Search the tutorials using the box on the left, or, after clicking All Tutorials, filter them by category or product (so you don’t have to see Premiere Elements topics if you have only Photoshop Elements, for example). You can also click on one of the column headings to see the available tutorials arranged by Title, Author, Difficulty, Date Posted, Category, Type (video or PDF), or the average star rating given it by the people who’ve tried it. Use the buttons at the upper right of the window to change the view from a list to a larger thumbnail view; information about each tutorial appears below the thumbnail.
If the author of a tutorial has a Web site, then the tutorial’s page has a link to it. Exploring these links can bring you to a great many useful Elements-related learning resources, as well as useful add-on tools that extend Elements’ capabilities (see Chapter 19).
Photoshop Elements has a couple of really wonderful features to help you avoid making permanent mistakes: the Undo command and the Undo History palette. After you’ve gotten used to them, you’ll probably wish it were possible to use these tools in all aspects of your life, not just Elements.
No matter where you are in Elements, you can almost always change your mind about what you just did. Press Ctrl+Z, and the last change you made goes away. Pressing Ctrl+Z works even if you’ve just saved your photo—but only while it’s still open. (If you close your picture, your changes are permanent.) Keep pressing Ctrl+Z and you keep undoing your work, step by step.
If you want to redo what you just undid, just press Ctrl+Y. These keystroke commands are great for toggling changes on and off while you decide whether you really want to keep them. The Undo/Redo keystroke combinations work in the Organizer as well as the Editor.
In the Full Edit window, you get even more control over the actions you can undo, thanks to the Undo History palette (Figure 1-15); open it by choosing Window → Undo History.
This palette holds a list of the changes you’ve made since you opened your image. Just push the slider up and watch your changes disappear one by one as you go. Undo History even works if you’ve saved your file: As long as you haven’t closed your file, the palette tracks every action you take. You can also slide the other way to redo changes that you’ve undone.
Be careful, though. You can back up only as many steps as you’ve set Elements to remember. Elements lets you keep track of as many as 1,000 steps. You can regulate this number in Preferences, as explained in Figure 1-16.
As you’re probably beginning to see, Elements lets you work in lots of different ways. What’s more, most people who use Elements approach projects in different ways. What works for your neighbor with her pictures may be quite different from how you would choose to work on the very same shots.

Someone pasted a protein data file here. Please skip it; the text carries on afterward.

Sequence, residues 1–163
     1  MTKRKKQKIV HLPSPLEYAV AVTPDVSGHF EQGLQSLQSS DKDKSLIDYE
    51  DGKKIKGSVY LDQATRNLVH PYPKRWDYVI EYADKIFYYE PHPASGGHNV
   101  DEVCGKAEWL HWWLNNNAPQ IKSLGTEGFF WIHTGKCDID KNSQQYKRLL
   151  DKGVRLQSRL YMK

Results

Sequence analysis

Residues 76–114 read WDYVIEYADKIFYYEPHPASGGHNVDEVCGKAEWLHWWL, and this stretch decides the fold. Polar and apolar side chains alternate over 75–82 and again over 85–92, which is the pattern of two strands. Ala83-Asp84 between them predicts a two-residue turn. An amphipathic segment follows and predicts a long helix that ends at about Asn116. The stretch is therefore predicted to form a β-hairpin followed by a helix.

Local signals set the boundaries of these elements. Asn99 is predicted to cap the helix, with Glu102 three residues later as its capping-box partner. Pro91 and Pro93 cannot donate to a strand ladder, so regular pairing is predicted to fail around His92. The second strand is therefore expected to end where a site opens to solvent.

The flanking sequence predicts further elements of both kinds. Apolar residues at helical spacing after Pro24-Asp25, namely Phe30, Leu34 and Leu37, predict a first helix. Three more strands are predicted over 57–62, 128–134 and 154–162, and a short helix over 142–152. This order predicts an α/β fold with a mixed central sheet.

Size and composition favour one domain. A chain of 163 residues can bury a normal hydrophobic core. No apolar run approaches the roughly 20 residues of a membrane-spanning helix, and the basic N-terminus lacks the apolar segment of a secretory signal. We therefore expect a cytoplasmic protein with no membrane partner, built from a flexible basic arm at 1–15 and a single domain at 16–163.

The good news is that if you store your photos in the Organizer, you don’t need to worry about accidentally trashing your original. Elements automatically creates a copy when you edit a photo that’s cataloged in the Organizer, so that you can always revert to your original.
The Organizer’s version sets provide another great safety net. They let you make as many different editions of your photo as you like without compromising your original. Saving Your Work has full details.
If you’re determined not to use the Organizer, then follow these steps to make a copy of your image:
Right-click the title bar of the Image window, and then choose Duplicate, or go to File → Duplicate.
The Image window is the smaller window within the Editor where your photo appears.
Name the duplicate, and then click the close button (the X at the upper right of the image window) on the original.
Now the original is safely tucked out of harm’s way.
Save the duplicate using Ctrl+S.
Choose Photoshop (.psd) as the file format when you save it. (You may want to choose another format after you’ve read Chapter 3, and understand more about your different format options.)
Now you don’t have to worry about making a mistake or changing your mind, because you can always start over if you want to.
Elements doesn’t have an autosave feature, so you should get into the habit of saving frequently as you work. Read more about saving on Saving Your Work.
If you’re the impatient type, and you’re starting to squirm because you want to be up and doing something to your photos, here’s the quickest way to get started in Elements: Adjust the brightness and color balance all in one step.
While you’re in the Editor, open a photo.
Press Ctrl+O and navigate to the image you want, and then click Open.
You’ve just applied Elements’ Auto Smart Fix tool (Figure 1-17).
Voilá! You should see quite a difference in your photo, unless the exposure, lighting, and contrast were almost perfect before. The Auto Smart Fix tool is one of the many easy-to-use features in Elements. (Of course, if you don’t like what just happened to your photo, no problem—simply press Ctrl+Z to undo it.)
If you’re the really impatient type, jump right to Chapter 4 to learn about using the Quick Fix commands. But it’s worth taking the time to read the next two chapters so you understand which file formats to choose, and how to make some basic adjustments to your images, like rotating and cropping them.
Don’t forget to give Guided Edit a try if you see what you want to do in the list of topics. Guided Edit can be a big help when you’re first learning your way around.